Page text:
What’s the best advice you ever received?
Trust and be trustworthy. As a leader, you need to trust your team from day one. At the same time, you need to work every day to gain their trust. This really creates an atmosphere where they’re empowered.
What lessons have you learned in your professional life?
Invest in your people; they’re the foundation of your company. I learned early on that our biggest asset is our 2,000-plus employee-owners and at least that many craft professionals. McCarthy has a great history of employee longevity because our team is properly trained and provided the opportunity to increase in responsibility and rise through the ranks. Investing in employees makes sense for us and for our clients. What we do has lasting effects for a variety of stakeholders, and we’re committed to doing it right the first time. We’re successful at that because we invest in the people making important decisions and those in the field constructing the structures.
How do you think the industry can best address today’s workforce challenges?
We can’t wait for someone else to fix this; we need to help create and drive the solution. One great way to start is educating students and their parents about the industry and how rewarding it is, regardless of whether they enter through the trades or post-college. Our best builders are not exclusive to either path and both are valued.
Why is McCarthy increasing outreach to women?
Females comprise 50.8 percent of the U.S. population and 47 percent of the country’s workforce. However, that rate plummets to nine percent in the construction industry (including administration, human resources, and marketing) and just under three percent in production roles, according to the National Association of Women in Construction. Early discussions with families about construction career opportunities need to happen in order to dispel the myth that women cannot be successful in our industry. There are a wide variety of career paths in engineering, estimating, and technology, to name a few, and we want to ensure that all students know opportunities are there for them, regardless of gender.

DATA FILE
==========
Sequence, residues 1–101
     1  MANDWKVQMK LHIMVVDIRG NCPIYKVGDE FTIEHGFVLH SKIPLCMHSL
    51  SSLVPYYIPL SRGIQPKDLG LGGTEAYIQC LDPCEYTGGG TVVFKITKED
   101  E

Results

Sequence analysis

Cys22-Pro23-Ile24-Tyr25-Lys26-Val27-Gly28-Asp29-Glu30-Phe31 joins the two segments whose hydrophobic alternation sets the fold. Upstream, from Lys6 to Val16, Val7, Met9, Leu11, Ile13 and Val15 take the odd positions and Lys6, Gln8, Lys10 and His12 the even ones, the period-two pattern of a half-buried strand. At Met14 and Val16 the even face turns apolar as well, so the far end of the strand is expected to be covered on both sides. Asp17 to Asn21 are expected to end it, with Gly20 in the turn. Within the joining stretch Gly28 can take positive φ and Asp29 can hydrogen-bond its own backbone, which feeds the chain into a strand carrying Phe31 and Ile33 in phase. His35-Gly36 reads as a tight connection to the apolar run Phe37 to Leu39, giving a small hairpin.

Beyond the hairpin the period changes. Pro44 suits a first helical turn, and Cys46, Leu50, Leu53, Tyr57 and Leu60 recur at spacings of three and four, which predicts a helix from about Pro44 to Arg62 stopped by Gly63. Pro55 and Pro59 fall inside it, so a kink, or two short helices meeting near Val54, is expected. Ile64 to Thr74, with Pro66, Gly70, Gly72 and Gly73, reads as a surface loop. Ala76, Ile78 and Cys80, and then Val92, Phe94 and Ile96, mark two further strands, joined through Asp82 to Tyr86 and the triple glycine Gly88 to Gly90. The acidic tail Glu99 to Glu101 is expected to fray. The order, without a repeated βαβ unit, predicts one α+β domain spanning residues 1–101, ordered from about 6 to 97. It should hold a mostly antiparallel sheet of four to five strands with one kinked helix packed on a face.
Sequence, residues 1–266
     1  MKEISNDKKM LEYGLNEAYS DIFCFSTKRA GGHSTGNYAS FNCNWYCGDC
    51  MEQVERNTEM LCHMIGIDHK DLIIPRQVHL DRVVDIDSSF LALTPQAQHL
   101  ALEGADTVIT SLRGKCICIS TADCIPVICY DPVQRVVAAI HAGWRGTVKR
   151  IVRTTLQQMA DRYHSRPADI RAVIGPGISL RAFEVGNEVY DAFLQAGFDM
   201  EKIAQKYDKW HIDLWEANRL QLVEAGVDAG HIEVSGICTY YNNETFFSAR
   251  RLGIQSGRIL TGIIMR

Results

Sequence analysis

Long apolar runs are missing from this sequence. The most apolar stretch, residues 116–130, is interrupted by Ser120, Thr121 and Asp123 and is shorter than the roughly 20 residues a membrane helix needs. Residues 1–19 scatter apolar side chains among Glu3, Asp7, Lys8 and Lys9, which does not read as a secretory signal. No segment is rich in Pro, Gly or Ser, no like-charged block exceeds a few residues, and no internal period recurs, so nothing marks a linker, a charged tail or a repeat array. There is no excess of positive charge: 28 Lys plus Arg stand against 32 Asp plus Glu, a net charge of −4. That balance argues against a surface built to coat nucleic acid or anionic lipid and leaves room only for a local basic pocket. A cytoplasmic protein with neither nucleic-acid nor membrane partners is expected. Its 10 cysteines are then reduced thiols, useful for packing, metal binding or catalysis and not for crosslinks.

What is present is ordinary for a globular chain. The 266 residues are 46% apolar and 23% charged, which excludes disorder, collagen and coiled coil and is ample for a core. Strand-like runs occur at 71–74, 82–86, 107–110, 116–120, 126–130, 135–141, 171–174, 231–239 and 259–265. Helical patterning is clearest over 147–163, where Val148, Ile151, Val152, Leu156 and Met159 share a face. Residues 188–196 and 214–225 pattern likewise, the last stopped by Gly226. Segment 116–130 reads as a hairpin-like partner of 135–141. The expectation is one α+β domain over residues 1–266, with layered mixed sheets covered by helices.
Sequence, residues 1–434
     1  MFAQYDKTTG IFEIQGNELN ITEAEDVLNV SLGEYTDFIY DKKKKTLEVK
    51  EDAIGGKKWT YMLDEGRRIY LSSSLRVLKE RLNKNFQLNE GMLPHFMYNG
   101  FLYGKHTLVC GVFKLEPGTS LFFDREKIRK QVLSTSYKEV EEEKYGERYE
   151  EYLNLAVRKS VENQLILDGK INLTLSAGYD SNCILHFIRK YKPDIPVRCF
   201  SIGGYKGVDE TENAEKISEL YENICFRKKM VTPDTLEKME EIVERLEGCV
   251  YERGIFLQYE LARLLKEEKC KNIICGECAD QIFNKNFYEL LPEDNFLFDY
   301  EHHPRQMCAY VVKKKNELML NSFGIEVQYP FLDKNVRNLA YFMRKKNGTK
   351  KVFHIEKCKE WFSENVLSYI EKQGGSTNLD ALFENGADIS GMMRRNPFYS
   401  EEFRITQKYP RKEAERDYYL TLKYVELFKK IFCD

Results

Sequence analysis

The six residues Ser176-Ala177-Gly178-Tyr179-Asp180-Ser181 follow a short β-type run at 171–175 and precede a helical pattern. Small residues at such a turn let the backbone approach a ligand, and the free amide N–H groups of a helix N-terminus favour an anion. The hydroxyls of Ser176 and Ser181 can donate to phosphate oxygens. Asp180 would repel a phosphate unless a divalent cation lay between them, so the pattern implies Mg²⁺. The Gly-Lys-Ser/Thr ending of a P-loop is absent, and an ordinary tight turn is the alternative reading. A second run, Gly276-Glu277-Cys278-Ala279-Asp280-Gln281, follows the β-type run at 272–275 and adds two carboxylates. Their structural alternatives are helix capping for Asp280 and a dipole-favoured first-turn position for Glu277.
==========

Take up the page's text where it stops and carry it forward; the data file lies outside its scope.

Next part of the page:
What new strategies are you using to recruit and train?
At McCarthy, we’re developing an entire process that includes recruiting and educating at high schools, trade schools, community colleges, and universities, while simultaneously taking on a systematic training process at job sites. This has been a huge focus for us over the last couple of years. Developing the next generation of skilled craft professionals and superintendents is critical to our industry and our business. We want to ensure a high skill level as we continue to grow our self-perform work in both heavy civil and commercial. We put our plan into action by increasing our internal recruiting and training staff and encouraging all our employees to be champions for the industry. It’s certainly not something that will happen overnight, but this process could transform the construction industry.